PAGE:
View Full Version : Questions about degenerate matter

2003-Jun-16, 09:00 PM
Degenerate matter, also known as white-dwarf matter, is formed when pressure (NOT gravity! - see "Question about Neutron Stars" thread) crushes the atoms' electron shells. The resulting mix of electrons and nuclei is supported by Pauli exclusion pressure of electrons, which does not depend on temperature. Consequently, unlike "normal" plasma, degenerate matter can be quite cold.

My questions are:

1. Different electron shells within an atom take different (sometimes VERY different) amounts of energy to remove. White dwarves are a mix of elements from hydrogen to iron. Is it possible that at some specific pressure value, i.e. particular depth from white dwarf's surface, the outermost electron shell will be crushed, but the others will remain intact?

2. Normally those inner shells do not participate in chemical reactions. If exposed by the pressure as described above, will they do so?

3. Some elements have much lower first ionization energy than others - alkali metals have the lowest of all. Can relatively "modest" pressure - say the kind at the center of Earth, - force the lone electron in say, potassium's outer shell into degenerate state? My guess is that under such conditions potassium would act as a noble gas - totally disinterested in chemical activity, - because all its remaining electron shells are full.

2003-Jun-16, 11:32 PM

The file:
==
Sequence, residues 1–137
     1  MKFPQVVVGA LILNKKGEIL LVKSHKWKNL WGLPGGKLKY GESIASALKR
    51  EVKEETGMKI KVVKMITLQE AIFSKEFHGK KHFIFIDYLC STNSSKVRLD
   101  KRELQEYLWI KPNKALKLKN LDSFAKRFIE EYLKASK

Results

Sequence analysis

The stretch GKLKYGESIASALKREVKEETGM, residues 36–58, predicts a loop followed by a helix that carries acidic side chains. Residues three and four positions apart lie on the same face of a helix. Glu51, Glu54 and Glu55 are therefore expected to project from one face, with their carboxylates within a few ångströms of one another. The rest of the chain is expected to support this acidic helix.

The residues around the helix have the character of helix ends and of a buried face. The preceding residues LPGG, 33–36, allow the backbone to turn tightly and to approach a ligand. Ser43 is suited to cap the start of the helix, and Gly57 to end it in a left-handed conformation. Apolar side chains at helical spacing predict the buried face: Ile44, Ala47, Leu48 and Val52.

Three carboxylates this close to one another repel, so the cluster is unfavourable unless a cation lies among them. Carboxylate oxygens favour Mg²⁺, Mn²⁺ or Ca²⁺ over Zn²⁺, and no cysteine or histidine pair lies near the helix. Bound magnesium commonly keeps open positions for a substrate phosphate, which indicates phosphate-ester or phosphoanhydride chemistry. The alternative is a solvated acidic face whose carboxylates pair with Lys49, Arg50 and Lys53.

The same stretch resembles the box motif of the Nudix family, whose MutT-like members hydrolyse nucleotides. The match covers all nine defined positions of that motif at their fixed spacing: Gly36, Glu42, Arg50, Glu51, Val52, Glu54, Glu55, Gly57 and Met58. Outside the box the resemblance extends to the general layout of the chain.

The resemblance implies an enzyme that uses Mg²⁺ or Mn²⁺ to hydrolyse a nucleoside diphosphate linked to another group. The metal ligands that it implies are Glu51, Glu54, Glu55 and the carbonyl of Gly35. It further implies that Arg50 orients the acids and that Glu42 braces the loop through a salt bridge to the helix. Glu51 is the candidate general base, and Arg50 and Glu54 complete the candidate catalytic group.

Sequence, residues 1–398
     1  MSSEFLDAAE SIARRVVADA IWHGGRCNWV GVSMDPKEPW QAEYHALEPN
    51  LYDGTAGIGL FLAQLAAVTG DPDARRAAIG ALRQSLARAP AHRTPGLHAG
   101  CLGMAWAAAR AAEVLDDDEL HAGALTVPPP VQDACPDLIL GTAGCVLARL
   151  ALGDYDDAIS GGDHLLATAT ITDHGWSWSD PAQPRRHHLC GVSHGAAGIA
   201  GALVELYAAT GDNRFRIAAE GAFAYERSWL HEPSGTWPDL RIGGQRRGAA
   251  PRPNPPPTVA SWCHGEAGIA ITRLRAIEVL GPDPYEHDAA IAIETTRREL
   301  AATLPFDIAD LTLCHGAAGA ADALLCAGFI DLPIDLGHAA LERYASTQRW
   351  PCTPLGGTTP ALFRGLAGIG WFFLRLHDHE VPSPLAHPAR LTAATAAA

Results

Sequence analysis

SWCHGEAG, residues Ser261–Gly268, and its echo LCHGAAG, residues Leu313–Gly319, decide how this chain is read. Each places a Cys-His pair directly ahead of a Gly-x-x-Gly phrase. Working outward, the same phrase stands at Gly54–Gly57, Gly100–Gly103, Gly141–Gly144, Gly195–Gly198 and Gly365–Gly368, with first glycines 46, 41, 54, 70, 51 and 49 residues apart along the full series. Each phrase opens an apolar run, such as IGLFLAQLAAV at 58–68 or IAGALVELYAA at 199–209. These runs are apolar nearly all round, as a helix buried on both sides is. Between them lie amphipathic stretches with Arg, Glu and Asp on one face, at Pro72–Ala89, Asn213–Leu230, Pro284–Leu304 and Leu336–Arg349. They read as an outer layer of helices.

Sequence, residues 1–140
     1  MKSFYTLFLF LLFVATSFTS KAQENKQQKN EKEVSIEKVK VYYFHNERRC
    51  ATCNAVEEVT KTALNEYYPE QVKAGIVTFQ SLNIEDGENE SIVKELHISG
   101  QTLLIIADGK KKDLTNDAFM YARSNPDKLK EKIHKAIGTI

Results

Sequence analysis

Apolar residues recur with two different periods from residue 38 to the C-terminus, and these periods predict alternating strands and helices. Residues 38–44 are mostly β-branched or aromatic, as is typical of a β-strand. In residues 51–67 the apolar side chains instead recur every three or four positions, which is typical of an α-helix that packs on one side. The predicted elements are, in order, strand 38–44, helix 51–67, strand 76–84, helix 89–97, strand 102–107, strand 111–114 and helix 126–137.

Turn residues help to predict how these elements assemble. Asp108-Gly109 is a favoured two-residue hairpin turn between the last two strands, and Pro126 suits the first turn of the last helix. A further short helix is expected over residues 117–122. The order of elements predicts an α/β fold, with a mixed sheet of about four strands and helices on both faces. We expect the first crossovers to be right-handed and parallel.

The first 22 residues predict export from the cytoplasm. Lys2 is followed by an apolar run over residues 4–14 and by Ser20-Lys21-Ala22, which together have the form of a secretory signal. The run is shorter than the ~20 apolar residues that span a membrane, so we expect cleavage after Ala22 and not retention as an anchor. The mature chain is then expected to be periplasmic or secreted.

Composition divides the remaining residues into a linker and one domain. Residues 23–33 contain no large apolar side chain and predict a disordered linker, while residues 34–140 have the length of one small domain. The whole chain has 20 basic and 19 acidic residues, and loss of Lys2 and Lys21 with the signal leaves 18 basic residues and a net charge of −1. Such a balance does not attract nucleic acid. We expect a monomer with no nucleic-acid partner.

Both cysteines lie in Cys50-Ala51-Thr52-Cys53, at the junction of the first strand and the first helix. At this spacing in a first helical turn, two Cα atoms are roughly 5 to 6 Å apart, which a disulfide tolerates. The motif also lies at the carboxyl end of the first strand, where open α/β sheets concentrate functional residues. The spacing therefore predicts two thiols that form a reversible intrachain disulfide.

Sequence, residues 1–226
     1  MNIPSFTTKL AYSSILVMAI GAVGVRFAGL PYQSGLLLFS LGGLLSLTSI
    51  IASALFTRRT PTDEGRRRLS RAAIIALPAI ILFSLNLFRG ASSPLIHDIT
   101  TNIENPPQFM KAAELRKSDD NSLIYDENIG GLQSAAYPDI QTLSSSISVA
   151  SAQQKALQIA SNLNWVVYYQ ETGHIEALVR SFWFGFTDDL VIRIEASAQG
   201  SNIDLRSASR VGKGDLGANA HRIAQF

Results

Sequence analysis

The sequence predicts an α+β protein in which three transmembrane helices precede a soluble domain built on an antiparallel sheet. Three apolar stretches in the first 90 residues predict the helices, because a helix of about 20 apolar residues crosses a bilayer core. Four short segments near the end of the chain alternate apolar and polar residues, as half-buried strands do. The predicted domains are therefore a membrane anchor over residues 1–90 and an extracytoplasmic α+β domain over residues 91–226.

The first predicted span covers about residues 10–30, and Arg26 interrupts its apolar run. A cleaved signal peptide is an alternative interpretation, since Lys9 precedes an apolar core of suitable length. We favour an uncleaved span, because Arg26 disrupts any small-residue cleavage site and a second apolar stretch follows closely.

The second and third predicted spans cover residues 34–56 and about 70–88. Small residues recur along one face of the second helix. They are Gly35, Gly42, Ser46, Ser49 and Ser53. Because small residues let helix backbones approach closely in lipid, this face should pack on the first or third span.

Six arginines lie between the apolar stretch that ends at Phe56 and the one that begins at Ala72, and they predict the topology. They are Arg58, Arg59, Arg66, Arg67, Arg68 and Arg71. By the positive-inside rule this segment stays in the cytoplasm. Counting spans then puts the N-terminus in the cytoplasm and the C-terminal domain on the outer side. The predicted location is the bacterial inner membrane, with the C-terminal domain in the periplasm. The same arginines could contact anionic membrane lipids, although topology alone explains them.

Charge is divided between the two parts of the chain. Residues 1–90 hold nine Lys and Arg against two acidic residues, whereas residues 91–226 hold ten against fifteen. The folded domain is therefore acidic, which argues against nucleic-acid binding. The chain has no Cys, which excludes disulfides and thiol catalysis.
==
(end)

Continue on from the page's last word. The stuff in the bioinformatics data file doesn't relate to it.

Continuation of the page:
Boy! This a deep set of questions. I think you'll need the likes of TBA, Tim Thompson or Spaceman Spiff. Put the word out BABBer's, we need the big guns. :)

Tim Thompson
2003-Jun-17, 12:38 AM

I don't see how that could be possible. It's like asking if you can fill a bottle with gas, so the top half is low pressure and the bottom half is high pressure. But it just doesn't happen, the whole gas bottle has just one pressure (assuming the bottle is "small", and unlike Earth's atmosphere, which does have a higher pressure at the bottom).. Likewise, the "electron gas" orbiting the nucleus has just one pressure. It's either degenerate, or it isn't, but it can't be partly degenerate.


The inner shells can be exposed by ionization, but not by pressure.


This looks like question #1 slightly altered. The outer shell cannot be degenerate without all of the other shells being likewise degenerate. Ionization potential only tells you how much energy it takes to remove the electron from the atom. But squeezing the electron into the electrons below it is a horse of a different color.

2003-Jun-17, 01:45 AM
White dwarves are a mix of elements from hydrogen to iron.
<nomenclature nitpack>

The plural of white dwarf is "white dwarfs." The alternate pluralization of dwarf as "dwarves" didn't come about until Tolkien write The Hobbit in the 1930s. (Look at the full title of Disney's Snow White if you don't believe me.) All of the mentions of dwarf stars in the Astro literature -- whether white dwarf, red dwarf, brown dwarf, black dwarf, or main-sequence star -- pluralize the word as "dwarfs."

</nomenclature nitpack>

2003-Jun-17, 03:53 AM
Thank you, Tim. Back in the Soviet Union in 1970's I read a chemistry book which described all of the above: pressure forcing outer electrons into degenerate state but not others, weird chemistry which results from that, and that the pressure in Earth's core is sufficient to force alkali metals (and perhaps other low-ionization-energy elements) into that state. I guess the only thing degenerate was the author's brain!